“We show there are some successes in the rapid design, development, fabrication and integration of the effort,” Karaki said. “It’s doable. It’s high risk and high reward. Can you do it in a rapid time frame? We’ve proven we can do that.”

The ULV is hybrid vehicle powered by a diesel engine that drives an electric generator. That generator in turn powers two electric motors that turn the wheels. Two electric motors provides redundancy should one of the motors fail.

Karaki said choosing a hybrid system came from the need to develop a more survivable vehicle for Soldiers. He said the contractor was concerned about how to make the vehicle perform better in a blast event, and came to the conclusion that a hybrid was the better choice.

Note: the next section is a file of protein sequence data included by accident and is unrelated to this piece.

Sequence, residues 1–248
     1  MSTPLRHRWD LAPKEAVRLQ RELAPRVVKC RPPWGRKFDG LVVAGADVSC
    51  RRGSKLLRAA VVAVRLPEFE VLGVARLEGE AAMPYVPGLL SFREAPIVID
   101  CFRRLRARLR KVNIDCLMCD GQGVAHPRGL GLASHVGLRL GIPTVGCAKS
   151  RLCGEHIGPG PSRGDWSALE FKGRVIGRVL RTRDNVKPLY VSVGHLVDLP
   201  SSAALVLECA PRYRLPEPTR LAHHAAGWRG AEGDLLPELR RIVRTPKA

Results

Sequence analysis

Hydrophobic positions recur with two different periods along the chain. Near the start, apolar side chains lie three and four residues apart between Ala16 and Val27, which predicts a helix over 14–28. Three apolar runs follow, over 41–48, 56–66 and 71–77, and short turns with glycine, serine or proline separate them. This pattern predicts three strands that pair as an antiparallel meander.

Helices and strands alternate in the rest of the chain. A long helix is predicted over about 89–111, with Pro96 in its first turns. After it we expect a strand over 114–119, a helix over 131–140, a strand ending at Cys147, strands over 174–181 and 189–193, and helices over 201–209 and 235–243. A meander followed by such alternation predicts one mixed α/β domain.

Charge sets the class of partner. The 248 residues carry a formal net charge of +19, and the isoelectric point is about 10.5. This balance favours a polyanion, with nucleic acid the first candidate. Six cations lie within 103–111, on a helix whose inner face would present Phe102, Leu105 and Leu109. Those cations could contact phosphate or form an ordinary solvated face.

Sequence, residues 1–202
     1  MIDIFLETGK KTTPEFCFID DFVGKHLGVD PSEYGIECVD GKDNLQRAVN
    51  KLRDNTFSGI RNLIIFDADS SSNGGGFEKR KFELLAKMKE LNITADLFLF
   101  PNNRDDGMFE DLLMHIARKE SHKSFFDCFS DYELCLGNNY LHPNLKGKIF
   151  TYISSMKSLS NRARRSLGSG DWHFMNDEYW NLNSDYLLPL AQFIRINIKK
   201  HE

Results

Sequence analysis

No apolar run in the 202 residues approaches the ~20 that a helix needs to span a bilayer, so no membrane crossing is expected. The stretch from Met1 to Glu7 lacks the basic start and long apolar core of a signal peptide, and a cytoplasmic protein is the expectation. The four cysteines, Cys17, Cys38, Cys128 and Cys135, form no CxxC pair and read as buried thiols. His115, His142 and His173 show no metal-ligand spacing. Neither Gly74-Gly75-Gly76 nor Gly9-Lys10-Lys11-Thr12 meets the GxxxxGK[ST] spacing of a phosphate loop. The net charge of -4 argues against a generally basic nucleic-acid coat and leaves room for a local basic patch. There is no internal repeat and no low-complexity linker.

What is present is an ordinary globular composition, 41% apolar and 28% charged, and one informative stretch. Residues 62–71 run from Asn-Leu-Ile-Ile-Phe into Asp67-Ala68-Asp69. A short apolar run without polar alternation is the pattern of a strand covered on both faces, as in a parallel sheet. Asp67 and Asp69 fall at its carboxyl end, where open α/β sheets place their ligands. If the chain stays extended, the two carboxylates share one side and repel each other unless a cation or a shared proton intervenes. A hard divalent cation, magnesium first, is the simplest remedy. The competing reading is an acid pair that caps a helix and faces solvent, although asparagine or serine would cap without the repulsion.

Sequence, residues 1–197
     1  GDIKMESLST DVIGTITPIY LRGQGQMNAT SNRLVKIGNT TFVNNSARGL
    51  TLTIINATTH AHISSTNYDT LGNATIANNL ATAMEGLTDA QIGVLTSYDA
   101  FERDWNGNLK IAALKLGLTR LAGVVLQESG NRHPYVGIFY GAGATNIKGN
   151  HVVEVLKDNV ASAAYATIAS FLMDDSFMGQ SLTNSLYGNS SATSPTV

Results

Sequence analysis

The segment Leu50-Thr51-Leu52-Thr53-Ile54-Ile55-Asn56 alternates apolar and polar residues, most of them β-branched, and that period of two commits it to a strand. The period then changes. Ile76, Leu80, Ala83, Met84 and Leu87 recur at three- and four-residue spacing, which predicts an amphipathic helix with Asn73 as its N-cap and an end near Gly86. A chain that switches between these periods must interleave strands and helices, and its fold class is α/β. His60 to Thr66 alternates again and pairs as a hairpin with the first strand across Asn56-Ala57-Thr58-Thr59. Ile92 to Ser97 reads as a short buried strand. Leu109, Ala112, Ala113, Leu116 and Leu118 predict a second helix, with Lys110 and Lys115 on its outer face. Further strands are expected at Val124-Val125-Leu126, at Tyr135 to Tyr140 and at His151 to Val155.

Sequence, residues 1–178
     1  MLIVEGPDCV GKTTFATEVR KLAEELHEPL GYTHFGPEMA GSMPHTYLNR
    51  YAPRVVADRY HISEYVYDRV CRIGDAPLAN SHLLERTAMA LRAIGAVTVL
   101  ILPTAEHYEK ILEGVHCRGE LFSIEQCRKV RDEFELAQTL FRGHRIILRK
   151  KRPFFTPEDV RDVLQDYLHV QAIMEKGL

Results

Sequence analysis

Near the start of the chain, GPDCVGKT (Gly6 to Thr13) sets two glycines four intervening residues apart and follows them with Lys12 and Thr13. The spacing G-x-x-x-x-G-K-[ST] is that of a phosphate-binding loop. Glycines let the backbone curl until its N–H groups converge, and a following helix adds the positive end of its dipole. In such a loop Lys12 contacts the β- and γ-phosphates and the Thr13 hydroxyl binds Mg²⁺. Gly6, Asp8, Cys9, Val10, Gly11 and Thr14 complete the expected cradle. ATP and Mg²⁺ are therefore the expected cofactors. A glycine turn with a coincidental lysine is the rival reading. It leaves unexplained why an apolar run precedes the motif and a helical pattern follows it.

Because it is a hybrid vehicle, it has none of the standard equipment underneath the vehicle. It features instead a “clean underbody” that makes it more capable of withstanding something like an explosion from an improvised explosive device.

“If you keep less equipment, accessories, systems underneath the vehicle, and you allow the underbody geometry to do what it needs to do — have a clean underbody — you will be able to improve your chances of being able to direct a blast away from the vehicle,” he said.

The primary customer for the ULV vehicle, which is a test vehicle, is the Office of the Secretary of Defense. The program came with four research objectives, which are a 4,500 pound payload, a vehicle weight of 14,000 pounds, protection that is comparable to the currently fielded mine-resistant ambush-protected vehicle, and a price of $250,000 each for a hypothetical 5,000-unit production run.

Karaki said the program is meeting or is expected to meet those objectives.

“On paper, the stuff upfront, the size, the weight, the cost, the timeframe, we checked those boxes,” he said. “The testing and evaluation of all these advanced survivability systems are in process right now.”